Author, speaker, and expert on gamification Gabe Zichermann wrote that in his book Gamification by Design. Let’s just sit on it for a moment: ‘to engage audiences’… ‘and solve problems.’
Conveniently, both mean the same thing for us marketers – one problem we have to solve is engaging audiences. Making content attractive. Building readership and loyalty. That’s where the interactive element comes in.
Marketing gamification has been around for years. Back in 2011, CMI covered 4 outstanding examples of brands that used it to both educate and entertain. It’s proven to work: invite (and incentivise) active participation, appeal to people’s competitive nature, and impart a sense of progression in the experience, and content will be much better received.
But there are times when it doesn’t quite work. When people don’t sign up to play, or give up their seats like they ran out of coins at the arcade. Gamifying your content may not always be the best, or even the right, choice – let these few points help you make that call.
As with any marketing activity, demographics are everything. Is your target audience the sort that appreciates clicking through a quiz or pushing pixels around to unlock content?
You have a lot of leeway if they do, but many, in particular the C-levels, don’t. So if the latter group is your target, it might be a good idea to keep the participation process as simple as possible – perhaps just a comment, or a share through their social network.
Another approach, for time-strapped audiences, is to keep your game bite-sized – one self-contained chapter at a time, each short enough for even a busy commuter to complete on their mobile in between trains or buses. At the same time, this can help greatly with keeping momentum going, motivating gamers to learn more.
What you’re aiming for also determines how your content is gamified. Each objective may require its own game design and approach.
Content designed to generate leads can be quite different from content meant to educate and build demand. If you’re repurposing existing content, review factors like tonality, scope, relevance, and utility – these are your clues to which game mechanics will help drive the behaviours you want. Take, for example, the marriage of useful information and instant gratification in our ‘Pulse Survey’.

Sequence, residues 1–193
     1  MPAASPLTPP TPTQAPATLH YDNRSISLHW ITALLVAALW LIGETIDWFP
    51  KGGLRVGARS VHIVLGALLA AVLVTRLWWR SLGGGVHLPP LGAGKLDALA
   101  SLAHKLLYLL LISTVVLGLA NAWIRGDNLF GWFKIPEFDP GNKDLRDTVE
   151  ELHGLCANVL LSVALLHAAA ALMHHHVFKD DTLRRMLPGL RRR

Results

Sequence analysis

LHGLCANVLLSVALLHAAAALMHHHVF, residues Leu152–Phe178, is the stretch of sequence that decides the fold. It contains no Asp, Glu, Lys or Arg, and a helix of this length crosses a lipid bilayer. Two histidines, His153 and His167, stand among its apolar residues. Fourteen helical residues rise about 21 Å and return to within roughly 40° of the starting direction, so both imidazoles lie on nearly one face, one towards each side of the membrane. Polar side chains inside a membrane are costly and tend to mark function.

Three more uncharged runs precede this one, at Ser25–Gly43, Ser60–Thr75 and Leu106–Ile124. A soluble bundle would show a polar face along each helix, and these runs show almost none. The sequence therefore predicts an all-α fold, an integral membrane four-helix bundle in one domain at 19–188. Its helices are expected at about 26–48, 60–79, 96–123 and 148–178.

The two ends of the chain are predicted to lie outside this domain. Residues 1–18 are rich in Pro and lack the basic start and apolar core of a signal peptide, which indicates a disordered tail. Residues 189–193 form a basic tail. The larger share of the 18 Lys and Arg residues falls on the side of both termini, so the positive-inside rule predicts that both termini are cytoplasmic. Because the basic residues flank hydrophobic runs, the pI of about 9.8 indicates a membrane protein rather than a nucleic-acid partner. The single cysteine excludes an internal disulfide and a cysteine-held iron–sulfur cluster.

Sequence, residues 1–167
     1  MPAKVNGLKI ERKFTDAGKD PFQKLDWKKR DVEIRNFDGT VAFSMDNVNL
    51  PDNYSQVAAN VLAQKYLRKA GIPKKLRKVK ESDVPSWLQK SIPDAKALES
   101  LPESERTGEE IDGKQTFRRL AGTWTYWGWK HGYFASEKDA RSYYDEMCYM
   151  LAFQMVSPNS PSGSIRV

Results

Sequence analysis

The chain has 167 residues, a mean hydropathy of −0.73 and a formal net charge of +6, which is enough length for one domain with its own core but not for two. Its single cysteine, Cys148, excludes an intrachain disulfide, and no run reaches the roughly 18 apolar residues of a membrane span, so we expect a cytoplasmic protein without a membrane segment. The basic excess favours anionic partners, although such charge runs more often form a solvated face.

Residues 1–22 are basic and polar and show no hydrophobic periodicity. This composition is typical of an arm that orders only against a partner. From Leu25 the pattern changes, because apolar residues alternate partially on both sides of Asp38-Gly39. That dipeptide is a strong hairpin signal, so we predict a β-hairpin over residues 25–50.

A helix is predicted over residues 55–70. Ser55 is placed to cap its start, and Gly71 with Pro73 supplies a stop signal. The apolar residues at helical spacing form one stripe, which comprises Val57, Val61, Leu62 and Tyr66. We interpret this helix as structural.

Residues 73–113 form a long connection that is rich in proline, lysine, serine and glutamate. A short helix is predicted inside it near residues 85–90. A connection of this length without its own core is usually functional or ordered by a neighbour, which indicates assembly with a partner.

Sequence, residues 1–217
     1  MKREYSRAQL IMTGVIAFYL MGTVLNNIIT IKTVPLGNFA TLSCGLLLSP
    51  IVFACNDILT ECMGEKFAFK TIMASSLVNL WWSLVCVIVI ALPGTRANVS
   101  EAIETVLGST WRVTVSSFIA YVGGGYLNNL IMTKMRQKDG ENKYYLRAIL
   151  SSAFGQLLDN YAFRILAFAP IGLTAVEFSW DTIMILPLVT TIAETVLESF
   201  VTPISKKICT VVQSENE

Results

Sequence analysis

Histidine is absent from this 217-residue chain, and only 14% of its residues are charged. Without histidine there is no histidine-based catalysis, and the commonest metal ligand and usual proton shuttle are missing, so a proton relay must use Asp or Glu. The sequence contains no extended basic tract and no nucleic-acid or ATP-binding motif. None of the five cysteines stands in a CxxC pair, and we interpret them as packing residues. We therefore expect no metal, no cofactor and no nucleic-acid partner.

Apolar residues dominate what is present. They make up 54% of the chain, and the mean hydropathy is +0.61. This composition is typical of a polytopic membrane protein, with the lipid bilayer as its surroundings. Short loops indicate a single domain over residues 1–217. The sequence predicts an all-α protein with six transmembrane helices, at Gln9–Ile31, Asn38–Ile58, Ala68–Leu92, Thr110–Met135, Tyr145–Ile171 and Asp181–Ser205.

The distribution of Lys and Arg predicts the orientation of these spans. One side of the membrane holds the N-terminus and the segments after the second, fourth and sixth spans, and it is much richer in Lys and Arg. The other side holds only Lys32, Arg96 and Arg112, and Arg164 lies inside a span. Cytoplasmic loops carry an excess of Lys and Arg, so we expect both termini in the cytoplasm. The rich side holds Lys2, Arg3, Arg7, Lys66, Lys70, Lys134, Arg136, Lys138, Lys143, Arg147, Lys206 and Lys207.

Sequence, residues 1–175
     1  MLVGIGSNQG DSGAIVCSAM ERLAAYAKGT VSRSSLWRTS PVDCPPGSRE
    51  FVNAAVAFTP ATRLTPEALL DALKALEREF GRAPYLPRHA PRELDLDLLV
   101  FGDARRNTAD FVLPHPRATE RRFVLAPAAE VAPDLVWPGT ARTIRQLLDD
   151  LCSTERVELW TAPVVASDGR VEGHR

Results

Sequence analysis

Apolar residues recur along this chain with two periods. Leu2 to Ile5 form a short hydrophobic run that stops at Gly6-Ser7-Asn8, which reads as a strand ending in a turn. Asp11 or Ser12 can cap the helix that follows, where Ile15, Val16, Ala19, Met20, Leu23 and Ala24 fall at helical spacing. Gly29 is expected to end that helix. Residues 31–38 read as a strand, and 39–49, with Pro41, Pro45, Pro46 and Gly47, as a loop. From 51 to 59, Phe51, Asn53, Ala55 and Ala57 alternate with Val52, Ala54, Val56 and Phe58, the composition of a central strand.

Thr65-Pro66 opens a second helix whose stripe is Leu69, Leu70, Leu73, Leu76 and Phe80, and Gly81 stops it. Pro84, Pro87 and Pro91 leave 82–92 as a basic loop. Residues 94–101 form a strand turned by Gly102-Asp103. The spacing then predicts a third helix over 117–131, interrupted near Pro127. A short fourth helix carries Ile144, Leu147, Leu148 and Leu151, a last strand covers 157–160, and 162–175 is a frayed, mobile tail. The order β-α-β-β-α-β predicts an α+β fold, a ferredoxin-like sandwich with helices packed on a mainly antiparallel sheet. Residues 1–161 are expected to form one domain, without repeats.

And, of course, gamification isn’t all it can be without a direct link to your overarching marketing plan. If you introduce something about your offerings in the game, let gamers find out more about it after the credits roll. Link them over to where the details are, offer them a downloadable asset, or at least capture their emails for lead nurturing.
The idea is for them to not just play and leave. Unless you’re Coca-Cola or Apple, you might not want to trust your brand image alone to make folks stick around.
3. Perceived Credibility
A third factor that comes into play with gamified marketing is the way people look at it. Games are fun, yes. But, as they say, the white paper is not dead. There are many who still put their stock in long-form content, because it’s seen as a more credible source.
This ties back into the point about evaluating your audience personas. People searching for information they can use to pitch to decision-makers may be more likely to find a well-written article or in-depth infographic of greater value – because these are assets that can be annotated, circulated, and discussed.
This directly affects your gamification. If you know influencers will be among your audience, ensure you cater for them by preparing chunks of your content for them to easily download and share. These might be cheat sheets, or simply chapter recaps in a quiz.
So yes, content gamification is a viable way to boost engagement and retention with your prospects. But there is nothing watertight in marketing. Before you commit to it, think about how you’re going to do it – and whether you should be doing it at all. Your content might be good enough on its own without turning it into Super Mario.
Read more: interactive content marketing solutions from GetIT Comms.
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